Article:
On the Parallax tab, the parallax in millarcseconds (mas) is listed in column D, along with the uncertainty in the parallax in column E, and the year the parallax was published in column F. All are from SIMBAD. I will update these values as new results become available, but please post a comment here if you find anything that is not current, or is incorrect.

On the Distance tab, the parallax and parallax uncertainty for each star is used to calculate the range of possible distances to the star (in light years) in columns D through F. The nominal value given in column E is our current “best guess” for the distance to the star.

On the Time tab, the range of distances from the Distance tab are used to determine the range of years when the light we are seeing at this point in time would have left the star. The earliest year (given the uncertainty in parallax) is shown in column D, the most likely year in column E, and the latest year (given the uncertainty in parallax) in column F.

Here’s a printer-friendly PDF version of the Sagittarius chart where after printing you can enter the nominal year from column E of the Time tab next to the name for each star. The year values on the Time tab will update automatically to reference the current date.

## Scorpius Time Machine

The bright stars that outline our constellations beckon to us from a remarkably wide range of distances. Many of these stars are super-luminous giant stars and hot blue dwarf stars. More typical stars like our Sun—and the even more abundant red dwarf stars—are much too faint to see with our unaided eyes, unless they are only a few light years away. Thus many of the stars we see when we look up at the night sky are the intrinsically brightest ones, the “whales among the fishes.”

Trigonometric parallax directly provides us with the best estimate of the distance to each of these stars (provided they are not more than a few hundred light years away), and once you know the distance, it is easy to calculate when the light you are seeing tonight left each one of them. It is enjoyable to contemplate what was going on in Earth history when each star’s light began its long journey across interstellar space, the tiniest fraction of which is reaching your eyes as you look up on a clear night.

This article is the first in a series featuring the major stars of a prominent constellation. We turn now towards Scorpius, which is currently crossing the celestial meridian at the end of evening twilight.

Below you will find a chart showing the constellation Scorpius and the bright stars that define its outline. The official IAU-approved star names are listed, where available, or the Bayer designation. There’s a printer-friendly PDF version of this chart at the bottom of this article. There’s room for you to write in the year when the light we are currently receiving left the photosphere of each star, using the provided table (which is updated automatically to today’s date).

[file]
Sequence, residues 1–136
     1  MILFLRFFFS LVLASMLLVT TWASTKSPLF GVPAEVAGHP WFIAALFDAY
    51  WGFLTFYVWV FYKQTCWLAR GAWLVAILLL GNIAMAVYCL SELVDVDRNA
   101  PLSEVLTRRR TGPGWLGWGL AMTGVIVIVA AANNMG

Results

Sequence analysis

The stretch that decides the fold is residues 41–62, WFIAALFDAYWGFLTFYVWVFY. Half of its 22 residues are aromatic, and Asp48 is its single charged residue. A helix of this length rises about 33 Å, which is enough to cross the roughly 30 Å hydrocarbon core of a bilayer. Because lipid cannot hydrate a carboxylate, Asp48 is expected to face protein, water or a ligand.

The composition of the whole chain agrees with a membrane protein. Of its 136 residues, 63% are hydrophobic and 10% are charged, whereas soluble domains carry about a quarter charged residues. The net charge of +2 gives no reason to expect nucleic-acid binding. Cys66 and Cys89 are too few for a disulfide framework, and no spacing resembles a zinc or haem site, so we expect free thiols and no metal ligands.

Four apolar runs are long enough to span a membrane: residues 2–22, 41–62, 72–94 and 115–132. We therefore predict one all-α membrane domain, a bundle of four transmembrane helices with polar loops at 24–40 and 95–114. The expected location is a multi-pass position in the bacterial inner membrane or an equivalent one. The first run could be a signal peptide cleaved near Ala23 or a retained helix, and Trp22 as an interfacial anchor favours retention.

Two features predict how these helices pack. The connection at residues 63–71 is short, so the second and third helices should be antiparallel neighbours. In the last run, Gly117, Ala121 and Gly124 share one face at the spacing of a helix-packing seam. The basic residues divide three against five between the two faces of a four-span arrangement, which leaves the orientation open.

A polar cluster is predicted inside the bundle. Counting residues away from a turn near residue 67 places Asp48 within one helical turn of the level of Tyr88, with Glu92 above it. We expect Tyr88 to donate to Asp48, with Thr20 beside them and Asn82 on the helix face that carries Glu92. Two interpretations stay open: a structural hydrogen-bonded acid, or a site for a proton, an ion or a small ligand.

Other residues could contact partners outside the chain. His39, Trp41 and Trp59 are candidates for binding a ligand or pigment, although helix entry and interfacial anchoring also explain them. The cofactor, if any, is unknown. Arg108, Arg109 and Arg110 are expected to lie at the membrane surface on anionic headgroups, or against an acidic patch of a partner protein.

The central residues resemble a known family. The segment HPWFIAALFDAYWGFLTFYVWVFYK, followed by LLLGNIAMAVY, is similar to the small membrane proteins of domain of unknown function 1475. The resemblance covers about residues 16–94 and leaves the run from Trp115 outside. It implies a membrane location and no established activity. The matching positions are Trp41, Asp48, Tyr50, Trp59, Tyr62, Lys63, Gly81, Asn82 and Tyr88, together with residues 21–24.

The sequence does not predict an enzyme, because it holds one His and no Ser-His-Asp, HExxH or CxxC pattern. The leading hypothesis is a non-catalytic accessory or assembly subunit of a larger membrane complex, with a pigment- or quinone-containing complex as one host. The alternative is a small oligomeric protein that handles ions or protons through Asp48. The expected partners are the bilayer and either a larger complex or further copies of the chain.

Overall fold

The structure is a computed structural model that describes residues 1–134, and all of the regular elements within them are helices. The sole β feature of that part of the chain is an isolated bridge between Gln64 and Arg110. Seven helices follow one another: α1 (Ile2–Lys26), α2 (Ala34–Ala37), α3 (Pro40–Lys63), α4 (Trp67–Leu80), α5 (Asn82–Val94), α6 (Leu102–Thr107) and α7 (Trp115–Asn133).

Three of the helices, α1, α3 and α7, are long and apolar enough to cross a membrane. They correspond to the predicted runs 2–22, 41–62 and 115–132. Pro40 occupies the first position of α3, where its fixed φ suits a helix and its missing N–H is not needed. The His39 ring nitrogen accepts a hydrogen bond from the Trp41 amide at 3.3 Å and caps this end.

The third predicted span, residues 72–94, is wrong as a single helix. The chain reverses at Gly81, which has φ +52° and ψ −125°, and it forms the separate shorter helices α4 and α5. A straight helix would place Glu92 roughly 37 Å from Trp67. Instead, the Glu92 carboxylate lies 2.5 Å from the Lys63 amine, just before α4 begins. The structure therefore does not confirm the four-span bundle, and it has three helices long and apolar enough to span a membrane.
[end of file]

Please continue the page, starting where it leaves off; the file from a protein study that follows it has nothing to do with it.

The table below contains all the relevant information. There are three tabs: Parallax, Distance, and Time. The first three columns of each tab show the star name, the Bayer designation, and the spectral type and luminosity class listed in SIMBAD.

On the Parallax tab, the parallax in millarcseconds (mas) is listed in column D, along with the uncertainty in the parallax in column E, and the year the parallax was published in column F. All are from SIMBAD. I will update these values as new results become available, but please post a comment here if you find anything that is not current, or is incorrect.

On the Distance tab, the parallax and parallax uncertainty for each star is used to calculate the range of possible distances to the star (in light years) in columns D through F. The nominal value given in column E is our current “best guess” for the distance to the star.

On the Time tab, the range of distances from the Distance tab are used to determine the range of years when the light we are seeing at this point in time would have left the star. The earliest year (given the uncertainty in parallax) is shown in column D, the most likely year in column E, and the latest year (given the uncertainty in parallax) in column F.

Here’s a printer-friendly PDF version of the Scorpius chart where after printing you can enter the nominal year from column E of the Time tab next to the name for each star. The year values on the Time tab will update automatically to reference the current date.